Google announced last year that the venerable Galaxy Nexus would not be getting any of that sweet, sweet KitKat action. Well, not officially anyway. Owners were not pleased, but they couldn't properly flood the internet with complaints because their phones were already dead. There have been a few KitKat ROMs that work well enough, but now some developers have created a kernel and GPU driver combo that could keep this device chugging along through the L release.
It's that time of the month again, CyanogenMod ROM fans. In fact it's a bit past that time of the month, reportedly thanks to a heavy workload and the Labor Day weekend, but now that the CM11 monthly update is up to the M10 release, we won't hold it against the CyanogenMod Team. The biggest change to the M build is a brand new bug tracker app, which makes it easy for users to submit anonymized bug reports to CM along with a stacktrace whenever a system app crashes.
Typically Christmas day is a slow one for technology news, but apparently the good folks at the Android Open Kang Project have dragged their coding machines in front of the open fire. Today AOKP has posted the first nightly builds of Android 4.4.2, granting deliciously fresh custom ROMs to all the good little girls and boys. And all the bad ones too, I suppose.
The list of initially-supported devices doesn't cover AOKP's official support list yet, but it covers most of the major Nexus devices, Samsung's Galaxy SIII and S4 American and international incarnations, all five major versions of the HTC One, and a handful of Sony devices (because they tend to be pretty open as far as bootloaders and modifications go).
Did you know it's possible to unlock your Nexus 5 bootloader without wiping user data? If your device has already been rooted and relocked for optimal security, then unlocking is just a button tap away thanks to the latest update to BootUnlocker. Support for Google's latest flagship phone was just added with an update to version 1.4 of the app from XDA member segv11. Sadly, both generations of the Nexus 7 from ASUS remain unsupported.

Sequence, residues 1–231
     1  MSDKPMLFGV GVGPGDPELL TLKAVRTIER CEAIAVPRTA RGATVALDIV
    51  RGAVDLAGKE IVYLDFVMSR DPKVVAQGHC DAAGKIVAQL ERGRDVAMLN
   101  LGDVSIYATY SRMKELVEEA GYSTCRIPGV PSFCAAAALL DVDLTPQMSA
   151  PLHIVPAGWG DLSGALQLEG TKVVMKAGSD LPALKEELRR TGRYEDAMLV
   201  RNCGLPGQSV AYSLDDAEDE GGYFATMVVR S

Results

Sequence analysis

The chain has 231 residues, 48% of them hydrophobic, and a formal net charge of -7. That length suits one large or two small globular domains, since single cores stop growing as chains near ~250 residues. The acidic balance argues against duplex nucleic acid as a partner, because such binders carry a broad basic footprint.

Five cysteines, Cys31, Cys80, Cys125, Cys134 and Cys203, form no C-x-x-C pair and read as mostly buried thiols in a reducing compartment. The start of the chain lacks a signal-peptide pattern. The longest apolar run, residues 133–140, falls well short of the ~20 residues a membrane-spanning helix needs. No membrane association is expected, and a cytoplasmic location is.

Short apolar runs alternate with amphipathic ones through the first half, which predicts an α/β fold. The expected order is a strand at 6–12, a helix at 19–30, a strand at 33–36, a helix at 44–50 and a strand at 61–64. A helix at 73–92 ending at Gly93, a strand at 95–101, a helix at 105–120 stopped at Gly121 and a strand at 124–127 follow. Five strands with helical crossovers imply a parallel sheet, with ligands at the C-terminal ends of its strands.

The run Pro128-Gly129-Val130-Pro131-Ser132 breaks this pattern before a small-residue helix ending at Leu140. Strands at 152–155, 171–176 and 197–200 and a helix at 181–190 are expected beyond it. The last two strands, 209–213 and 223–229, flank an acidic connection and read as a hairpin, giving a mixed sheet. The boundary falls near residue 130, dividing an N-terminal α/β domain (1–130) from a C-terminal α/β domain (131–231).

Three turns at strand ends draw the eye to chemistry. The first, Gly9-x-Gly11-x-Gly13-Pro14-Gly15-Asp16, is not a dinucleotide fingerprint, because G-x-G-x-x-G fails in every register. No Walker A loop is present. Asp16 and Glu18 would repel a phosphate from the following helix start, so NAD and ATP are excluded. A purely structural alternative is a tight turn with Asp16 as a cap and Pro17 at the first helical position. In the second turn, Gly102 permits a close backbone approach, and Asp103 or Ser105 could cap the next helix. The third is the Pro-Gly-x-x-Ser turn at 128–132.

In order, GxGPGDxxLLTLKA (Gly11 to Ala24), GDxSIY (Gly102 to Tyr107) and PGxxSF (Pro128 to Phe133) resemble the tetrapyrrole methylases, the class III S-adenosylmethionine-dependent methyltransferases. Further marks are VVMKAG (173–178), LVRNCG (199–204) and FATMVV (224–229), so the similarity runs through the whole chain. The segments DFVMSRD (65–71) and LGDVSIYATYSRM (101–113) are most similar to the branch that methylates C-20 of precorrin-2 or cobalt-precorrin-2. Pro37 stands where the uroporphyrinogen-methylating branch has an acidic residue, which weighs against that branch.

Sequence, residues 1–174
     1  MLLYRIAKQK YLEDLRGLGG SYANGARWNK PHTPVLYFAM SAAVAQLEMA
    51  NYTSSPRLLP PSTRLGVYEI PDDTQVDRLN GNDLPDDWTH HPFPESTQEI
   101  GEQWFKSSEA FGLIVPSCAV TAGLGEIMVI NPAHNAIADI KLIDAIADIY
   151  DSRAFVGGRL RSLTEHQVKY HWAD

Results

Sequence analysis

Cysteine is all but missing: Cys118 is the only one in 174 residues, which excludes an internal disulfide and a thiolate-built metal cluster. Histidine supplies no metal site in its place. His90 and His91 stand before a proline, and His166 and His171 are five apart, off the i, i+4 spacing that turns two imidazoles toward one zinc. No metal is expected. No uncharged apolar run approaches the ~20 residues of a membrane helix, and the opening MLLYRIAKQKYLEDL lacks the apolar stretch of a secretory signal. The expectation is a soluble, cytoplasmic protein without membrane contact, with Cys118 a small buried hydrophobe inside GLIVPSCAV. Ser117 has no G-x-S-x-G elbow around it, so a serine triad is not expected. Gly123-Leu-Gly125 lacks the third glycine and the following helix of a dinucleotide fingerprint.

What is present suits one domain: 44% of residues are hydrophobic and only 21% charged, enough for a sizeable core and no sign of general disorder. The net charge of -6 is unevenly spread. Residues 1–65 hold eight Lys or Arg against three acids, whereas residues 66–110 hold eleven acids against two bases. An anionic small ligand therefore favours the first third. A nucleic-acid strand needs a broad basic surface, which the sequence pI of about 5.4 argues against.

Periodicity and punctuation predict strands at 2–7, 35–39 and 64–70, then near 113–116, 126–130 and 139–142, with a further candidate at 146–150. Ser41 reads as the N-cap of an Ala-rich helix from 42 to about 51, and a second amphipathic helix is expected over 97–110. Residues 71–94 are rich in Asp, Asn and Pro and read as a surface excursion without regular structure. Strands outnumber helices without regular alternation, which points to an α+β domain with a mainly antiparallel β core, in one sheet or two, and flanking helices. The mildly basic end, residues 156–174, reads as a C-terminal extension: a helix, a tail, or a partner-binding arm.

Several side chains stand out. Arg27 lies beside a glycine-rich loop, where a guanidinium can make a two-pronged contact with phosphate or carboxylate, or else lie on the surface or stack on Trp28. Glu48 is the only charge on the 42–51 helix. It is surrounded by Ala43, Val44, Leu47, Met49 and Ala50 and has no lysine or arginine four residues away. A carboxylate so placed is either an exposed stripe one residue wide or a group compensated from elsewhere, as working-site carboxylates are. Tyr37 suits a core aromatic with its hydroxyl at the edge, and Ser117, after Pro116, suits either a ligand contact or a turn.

Update: Here's an official Google Support answer stating the GNex will indeed be stuck in 4.3-land for eternity.
At the bottom of Google's official Android 4.4 announcement post on the company's blog, some rather pertinent information for current Nexus / GPE device owners is thrown in: OTA update news!
KitKat will be coming to the Nexus 4, Nexus 7 (presumably both models, but not explicitly stated), Nexus 10, and the Google Play Edition Galaxy S4 and HTC One.
Sprint Galaxy Nexus owners, you can put down those pitchforks. Your Android 4.3 update is finally coming. Sure, it's arriving just in time for Android 4.4, but hey, it's not like anyone promised that your updates would be timely. Oh, they did? Well, it gets worse. The update is rolling out in stages over a 10 - 21 day period, and device selection is random. Some of you may still have close to a month to go.
Google has just posted updated factory images and driver binaries for the Nexus 7 (2013 and 2012), Nexus 4, Nexus 10, and Galaxy Nexus (yakju / takju variants) based on the new Android 4.3 bugfix builds JWR66Y and JSS15Q (2013 Nexus 7 only). The new builds follow OTA updates that have been rolling out over the last couple of days.
You can get the binaries and images at the links below.
Yesterday T-Mobile rolled out a relatively small OTA for the Nexus 4 bringing about a set of security improvements. As it turns out, the latest Nexus handset isn't the only one receiving the update. The Galaxy Nexus is also getting the JWR66Y firmware, and there's a manual update available for those of you who just can't bear the wait. This one is for the yakju variant of the phone, those sold through retail channels other than Google Play.
Android 4.3 was officially unveiled and released two days ago to the Android Open Source Project. In a surprisingly timely fashion, Google also released both the factory images and OTAs to the Nexus 4, 7, 10, and the Galaxy Nexus.